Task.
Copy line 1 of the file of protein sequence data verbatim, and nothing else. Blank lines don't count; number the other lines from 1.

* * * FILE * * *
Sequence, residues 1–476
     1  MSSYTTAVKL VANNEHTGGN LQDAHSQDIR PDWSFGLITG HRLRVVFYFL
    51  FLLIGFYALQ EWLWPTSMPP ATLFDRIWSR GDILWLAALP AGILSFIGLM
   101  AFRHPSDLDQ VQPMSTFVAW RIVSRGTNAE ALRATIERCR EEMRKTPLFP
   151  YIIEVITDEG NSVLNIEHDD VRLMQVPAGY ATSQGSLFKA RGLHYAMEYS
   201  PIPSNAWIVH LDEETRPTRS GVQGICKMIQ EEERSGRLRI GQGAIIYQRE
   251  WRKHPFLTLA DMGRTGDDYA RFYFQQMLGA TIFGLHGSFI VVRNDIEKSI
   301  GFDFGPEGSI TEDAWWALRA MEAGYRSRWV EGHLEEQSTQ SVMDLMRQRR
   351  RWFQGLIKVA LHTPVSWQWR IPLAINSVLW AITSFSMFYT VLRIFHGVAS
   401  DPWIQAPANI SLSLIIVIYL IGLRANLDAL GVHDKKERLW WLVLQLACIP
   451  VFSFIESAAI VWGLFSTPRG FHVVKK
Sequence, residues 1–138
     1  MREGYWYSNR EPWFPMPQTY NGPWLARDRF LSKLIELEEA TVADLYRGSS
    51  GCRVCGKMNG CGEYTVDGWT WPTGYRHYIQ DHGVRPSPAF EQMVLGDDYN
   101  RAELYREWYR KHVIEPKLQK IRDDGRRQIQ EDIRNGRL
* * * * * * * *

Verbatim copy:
Sequence, residues 1–476